Winemaker and Winery Manager, Travis Lemm, is incredibly passionate about curating the right oak profile for each of our wines. “Oak, like wine, is sourced from specific land with its own unique micro-climate, weather variation, and soil – meaning it is an expression of place that can impart different characters. We work with a complex combination of oak and toasting levels to impart just the right amount of influence, without overpowering our pristine fruit."

There is no better example of where this process comes into play than with our prized Chardonnay blocks. The team works to match the oak to the different Chardonnay clones grown on the Estate, each with their own unique characteristics, to craft our expressive cuvees.

“The classic Margaret River Gin Gin clone always has powerful fruit, tight acidity, and great length, so we select oak that is seasoned and toasted to support these attributes – for example, we like to accentuate that length and keep those pristine fruit flavours at the front of the palate. The barrel also provides mid-palate richness," says Travis. “Clone 95 is a different prospect. It can be a little more subtle and citrus-toned, and, as we often utilise malolactic fermentation to soften the natural acidity, we are looking for oak that provides length and richness, rather than upfront oak flavour that may dominate the delicacy of the wine.”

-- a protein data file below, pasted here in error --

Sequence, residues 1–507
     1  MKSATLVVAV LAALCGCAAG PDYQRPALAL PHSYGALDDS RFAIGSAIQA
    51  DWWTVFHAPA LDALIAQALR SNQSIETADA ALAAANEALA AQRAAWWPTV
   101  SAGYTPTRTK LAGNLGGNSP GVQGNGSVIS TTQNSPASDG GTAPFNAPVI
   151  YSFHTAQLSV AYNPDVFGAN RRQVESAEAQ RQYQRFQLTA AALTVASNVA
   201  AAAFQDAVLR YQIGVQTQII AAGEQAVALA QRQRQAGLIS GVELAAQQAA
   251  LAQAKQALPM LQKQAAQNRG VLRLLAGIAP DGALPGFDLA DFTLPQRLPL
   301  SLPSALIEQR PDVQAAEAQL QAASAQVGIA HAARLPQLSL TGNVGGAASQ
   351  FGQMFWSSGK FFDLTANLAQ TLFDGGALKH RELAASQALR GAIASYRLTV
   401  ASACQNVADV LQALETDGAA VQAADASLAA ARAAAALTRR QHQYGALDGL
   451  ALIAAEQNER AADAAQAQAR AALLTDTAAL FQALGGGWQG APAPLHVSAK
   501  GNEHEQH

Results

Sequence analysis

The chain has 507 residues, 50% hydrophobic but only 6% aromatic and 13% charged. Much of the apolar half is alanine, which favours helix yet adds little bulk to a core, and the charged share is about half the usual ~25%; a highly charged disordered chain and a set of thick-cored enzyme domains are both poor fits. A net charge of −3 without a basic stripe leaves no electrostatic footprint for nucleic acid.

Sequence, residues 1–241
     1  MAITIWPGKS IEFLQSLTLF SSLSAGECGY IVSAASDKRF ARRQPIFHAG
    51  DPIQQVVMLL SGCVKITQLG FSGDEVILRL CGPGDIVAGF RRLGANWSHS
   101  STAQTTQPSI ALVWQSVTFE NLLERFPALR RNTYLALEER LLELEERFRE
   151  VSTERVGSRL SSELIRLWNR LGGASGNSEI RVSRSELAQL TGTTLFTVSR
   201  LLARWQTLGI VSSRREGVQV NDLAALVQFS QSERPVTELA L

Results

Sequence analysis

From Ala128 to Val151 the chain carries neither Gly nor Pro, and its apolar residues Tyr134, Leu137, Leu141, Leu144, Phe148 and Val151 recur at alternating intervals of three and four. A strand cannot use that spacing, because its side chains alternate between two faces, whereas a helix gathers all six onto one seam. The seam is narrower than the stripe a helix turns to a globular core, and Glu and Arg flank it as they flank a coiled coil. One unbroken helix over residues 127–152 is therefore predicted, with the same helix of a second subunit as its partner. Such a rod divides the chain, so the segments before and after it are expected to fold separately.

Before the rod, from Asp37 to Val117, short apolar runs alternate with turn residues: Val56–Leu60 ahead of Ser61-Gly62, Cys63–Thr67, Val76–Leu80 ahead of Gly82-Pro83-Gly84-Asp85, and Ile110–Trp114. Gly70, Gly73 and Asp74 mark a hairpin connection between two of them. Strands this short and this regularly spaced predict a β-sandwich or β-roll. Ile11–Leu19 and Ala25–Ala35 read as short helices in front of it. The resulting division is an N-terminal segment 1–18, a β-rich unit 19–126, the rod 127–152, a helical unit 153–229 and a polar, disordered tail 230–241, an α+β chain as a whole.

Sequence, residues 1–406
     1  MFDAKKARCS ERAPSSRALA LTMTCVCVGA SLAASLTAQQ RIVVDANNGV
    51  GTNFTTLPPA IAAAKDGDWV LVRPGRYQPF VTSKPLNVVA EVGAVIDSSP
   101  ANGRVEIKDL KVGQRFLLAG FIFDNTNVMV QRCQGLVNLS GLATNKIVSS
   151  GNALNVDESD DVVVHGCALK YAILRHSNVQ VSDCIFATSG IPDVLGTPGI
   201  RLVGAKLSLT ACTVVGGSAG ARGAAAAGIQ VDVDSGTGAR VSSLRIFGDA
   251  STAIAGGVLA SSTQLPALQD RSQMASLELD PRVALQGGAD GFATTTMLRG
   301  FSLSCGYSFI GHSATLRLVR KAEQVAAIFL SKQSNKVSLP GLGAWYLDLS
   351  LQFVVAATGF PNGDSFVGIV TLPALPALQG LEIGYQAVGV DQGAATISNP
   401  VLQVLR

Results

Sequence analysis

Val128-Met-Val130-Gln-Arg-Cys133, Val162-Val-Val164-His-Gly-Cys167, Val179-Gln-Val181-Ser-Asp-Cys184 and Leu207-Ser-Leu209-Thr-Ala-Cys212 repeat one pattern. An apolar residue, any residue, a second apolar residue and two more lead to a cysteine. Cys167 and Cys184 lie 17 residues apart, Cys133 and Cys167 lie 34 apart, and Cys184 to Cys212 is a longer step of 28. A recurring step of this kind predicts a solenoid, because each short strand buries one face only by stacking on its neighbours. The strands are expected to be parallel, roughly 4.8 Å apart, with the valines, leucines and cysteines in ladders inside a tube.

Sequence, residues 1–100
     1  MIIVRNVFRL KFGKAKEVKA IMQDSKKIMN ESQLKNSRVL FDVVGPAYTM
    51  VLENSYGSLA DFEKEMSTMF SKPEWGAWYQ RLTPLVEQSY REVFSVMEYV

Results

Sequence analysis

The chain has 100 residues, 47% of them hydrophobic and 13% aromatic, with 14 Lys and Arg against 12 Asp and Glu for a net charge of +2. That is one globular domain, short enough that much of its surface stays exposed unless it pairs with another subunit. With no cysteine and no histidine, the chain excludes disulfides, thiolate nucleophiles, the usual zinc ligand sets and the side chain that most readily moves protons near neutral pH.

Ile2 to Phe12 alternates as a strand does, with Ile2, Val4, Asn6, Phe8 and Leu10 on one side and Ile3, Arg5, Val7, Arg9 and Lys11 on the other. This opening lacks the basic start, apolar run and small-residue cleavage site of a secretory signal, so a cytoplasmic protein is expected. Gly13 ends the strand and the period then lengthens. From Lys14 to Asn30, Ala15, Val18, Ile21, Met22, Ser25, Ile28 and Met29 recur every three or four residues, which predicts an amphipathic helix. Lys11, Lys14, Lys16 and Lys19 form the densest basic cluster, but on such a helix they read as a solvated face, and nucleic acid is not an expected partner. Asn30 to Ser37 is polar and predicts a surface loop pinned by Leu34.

Cabernet also has an array of fruit characters and tannin profiles that should be supported, not dominated, by oak. Different Cabernet expressions often require a variation in choice of oak, from the grain size of the timber, to stave thickness and toast levels.

This complex process of ‘match-making’ often involves working directly with coopers to develop barrels to suit the specific blocks. Coopers are masters of their craft and know how to achieve a particular style from their own oak selections when making barrels. This allows consistency of expression from year to year, which is an important factor for winemakers, as it helps mitigate the differences in wine style that can come from seasonal climate variance.

“We develop close working relationships with our coopers over time, to refine the style of oak used as our vineyards age and the subtleties of the season add to our knowledge base," Travis continues. “Wines may be matured in barrel for a few months or even years, so the choice of oak is critical. As organically certified growers and makers of wine, we do not add fining agents, thus we only work with high quality materials. We cannot have any 'sharp' edges or rough tannin profiles imparted to the wine, that may take away from its sense of place.”

   
 
Time Posted: 17/10/2022 at 12:31 PM Permalink to OAK & VINE Permalink